Blockchain & Cryptocurrency , Cryptocurrency Fraud , Cybercrime

KashmirBlack Botnet Targets Content Management Systems

Researchers Say Botnet Mines for Cryptocurrency and Sends Spam
KashmirBlack Botnet Targets Content Management Systems
How the KashmirBlack botnet works (Source: Imperva)

Security researchers at Imperva have uncovered a botnet that attacks vulnerabilities in websites’ underlying content management systems and then uses these compromised servers to mine for cryptocurrency or send spam to more victims.

See Also: Check Kiting In The Digital Age

The botnet, which the researchers dubbed KashmirBlack, started operating in November 2019 and has since infected thousands of websites - including WordPress, Joomla, PrestaShop, Magento, Drupal, vBulletin, OsCommerce, OpenCart and Yeager - by attacking vulnerabilities in content management systems, Imperva reports.

The researchers estimate that KashmirBlack infects about 700 vulnerable content management system servers each day, which could mean the botnet is responsible for 230,000 compromised servers.

"It utilizes dozens of known vulnerabilities on its victims' servers, performing millions of attacks per day on average on thousands of victims in more than 30 different countries around the world," according to the Imperva researchers, who note that most of the targeted and compromised servers are within the U.S.

The botnet is controlled by a single command-and-control server, but it’s also supported by 60 other compromised content management servers as part of its malicious infrastructure, Imperva says.

"It handles hundreds of bots, each communicating with the [command-and-control server] to receive new targets, perform brute force attacks, install backdoors and expand the size of the botnet," researchers say.

The KashmirBlack botnet appears to have originated in Indonesia and is controlled by a hacking group that the Imperva researchers call "PhantomGhost." The report notes that the researchers were able to link the botnet to this hacking group by tracing IP addresses used during a website defacement campaign earlier this year.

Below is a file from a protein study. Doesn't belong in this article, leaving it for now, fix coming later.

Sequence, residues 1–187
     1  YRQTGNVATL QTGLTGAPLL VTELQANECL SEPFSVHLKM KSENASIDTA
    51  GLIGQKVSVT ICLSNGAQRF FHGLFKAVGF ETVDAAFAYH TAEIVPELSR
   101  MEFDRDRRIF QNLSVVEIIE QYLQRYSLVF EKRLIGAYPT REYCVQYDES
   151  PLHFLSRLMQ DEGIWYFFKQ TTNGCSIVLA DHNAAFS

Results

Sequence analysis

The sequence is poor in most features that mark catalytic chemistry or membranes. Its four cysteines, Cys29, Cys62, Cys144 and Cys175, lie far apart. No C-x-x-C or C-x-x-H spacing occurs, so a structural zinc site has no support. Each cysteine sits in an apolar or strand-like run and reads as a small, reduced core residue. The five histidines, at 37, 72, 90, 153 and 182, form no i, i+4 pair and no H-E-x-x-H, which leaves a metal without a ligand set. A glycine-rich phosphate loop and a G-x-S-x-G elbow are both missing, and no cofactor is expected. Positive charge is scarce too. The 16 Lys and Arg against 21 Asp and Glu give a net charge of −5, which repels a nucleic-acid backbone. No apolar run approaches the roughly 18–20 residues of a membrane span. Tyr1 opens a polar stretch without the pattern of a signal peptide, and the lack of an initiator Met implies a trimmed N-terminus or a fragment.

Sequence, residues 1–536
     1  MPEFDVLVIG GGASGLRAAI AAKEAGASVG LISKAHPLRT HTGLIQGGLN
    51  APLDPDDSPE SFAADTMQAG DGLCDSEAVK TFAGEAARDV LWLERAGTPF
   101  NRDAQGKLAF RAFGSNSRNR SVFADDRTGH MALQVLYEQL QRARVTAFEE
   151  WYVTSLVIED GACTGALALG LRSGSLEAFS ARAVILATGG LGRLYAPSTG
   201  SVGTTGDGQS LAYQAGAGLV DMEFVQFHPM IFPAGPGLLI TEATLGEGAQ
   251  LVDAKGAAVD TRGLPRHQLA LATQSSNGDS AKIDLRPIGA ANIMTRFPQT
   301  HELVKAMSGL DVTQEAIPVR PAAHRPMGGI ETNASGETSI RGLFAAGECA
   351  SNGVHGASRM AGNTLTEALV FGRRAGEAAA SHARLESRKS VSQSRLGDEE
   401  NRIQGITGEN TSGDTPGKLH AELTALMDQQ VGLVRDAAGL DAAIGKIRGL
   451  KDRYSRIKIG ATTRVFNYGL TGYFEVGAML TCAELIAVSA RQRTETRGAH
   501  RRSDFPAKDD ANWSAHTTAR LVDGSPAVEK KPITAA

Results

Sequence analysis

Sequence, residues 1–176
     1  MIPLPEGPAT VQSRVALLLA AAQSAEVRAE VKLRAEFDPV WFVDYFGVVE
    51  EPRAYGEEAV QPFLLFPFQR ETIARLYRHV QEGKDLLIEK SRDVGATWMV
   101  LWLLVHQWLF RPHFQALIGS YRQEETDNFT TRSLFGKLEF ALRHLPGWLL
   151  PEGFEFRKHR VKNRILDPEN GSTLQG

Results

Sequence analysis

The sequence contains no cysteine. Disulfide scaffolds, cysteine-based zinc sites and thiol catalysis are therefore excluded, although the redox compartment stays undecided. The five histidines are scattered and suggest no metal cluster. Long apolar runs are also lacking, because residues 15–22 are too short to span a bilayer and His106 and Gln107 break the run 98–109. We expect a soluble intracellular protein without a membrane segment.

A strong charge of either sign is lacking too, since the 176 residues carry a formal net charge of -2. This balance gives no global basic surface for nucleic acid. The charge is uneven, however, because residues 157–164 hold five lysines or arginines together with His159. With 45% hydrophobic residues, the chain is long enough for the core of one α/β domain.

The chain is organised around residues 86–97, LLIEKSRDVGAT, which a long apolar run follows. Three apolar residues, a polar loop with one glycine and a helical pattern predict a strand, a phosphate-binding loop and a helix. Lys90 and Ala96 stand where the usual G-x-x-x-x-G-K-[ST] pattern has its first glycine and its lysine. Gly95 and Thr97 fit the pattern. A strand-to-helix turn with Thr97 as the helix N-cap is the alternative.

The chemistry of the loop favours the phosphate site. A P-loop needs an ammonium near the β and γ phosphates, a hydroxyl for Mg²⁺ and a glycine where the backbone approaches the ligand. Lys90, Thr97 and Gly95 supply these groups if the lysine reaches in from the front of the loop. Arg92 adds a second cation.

The Imperva researchers also found that the operators behind KashmirBlack use cloud services such as GitHub, Dropbox and Pastebin to hide the infrastructure from security tools as well as to send additional commands to infected servers.

Microsoft has noted threats actors are increasingly using the cloud services (see: Microsoft Shutters Azure Apps Used by China-Linked Hackers).

How KashmirBlack Works

The Imperva researchers found that the operators of the KashmirBlack botnet exploit more than a dozen common vulnerabilities in websites' content management systems and then use those compromised servers to help build and maintain the botnet's infrastructure.

The botnet's infrastructure is modular and contains separate components. For instance, KashmirBlack's infrastructure uses what the researchers call "Repository A" to help store malicious scripts to communicate with the command-and-control server. It uses "Repository B" to store the bundles of exploits and payloads to target and infect other vulnerable content management systems.

KashmirBlack also uses two bots that help it spread. A "spreading bot" communicates with the command-and-control server and reports back to its operators when a new server is ready to join the larger botnet. A "pending bot" awaits commands to decide if the compromised server should be used as part of the overall infrastructure or assigned to other tasks, such as mining for cryptocurrency, according to the report.

The botnet has load-balancing features to ensure it runs efficiently and that it can scale and add new exploits for vulnerabilities, the researchers say.

Move to the Cloud

The KashmirBlack botnet underwent a significant change in September when its operators moved the command-and-control server to Dropbox, which allows it to send and fetch commands more efficiently, according to the report.

"Moving to Dropbox allows the botnet to hide illegitimate criminal activity behind legitimate web services," the report states. "It is yet another step toward camouflaging the botnet traffic, securing the [command-and-control] operation and, most importantly, making it difficult to trace the botnet back to the hacker behind the operation."

For What Purpose?

The KashmirBlack botnet performs several functions, including sending out additional spam for its operators as well as defacing websites, according to the report.

In March, the botnet apparently added a cryptomining function, using XMRig malware to mine for monero. Imperva researchers traced this activity to a digital wallet.

Security researchers have spotted other botnet operators using XMRig for their own illegal virtual currency mining operations (see: Kubeflow Targeted in XMRig Monero Cryptomining Campaign).

About the Author

Prajeet Nair

Prajeet Nair

Assistant Editor, Global News Desk, ISMG

Nair previously worked at TechCircle, IDG, Times Group and other publications, where he reported on developments in enterprise technology, digital transformation and other issues.

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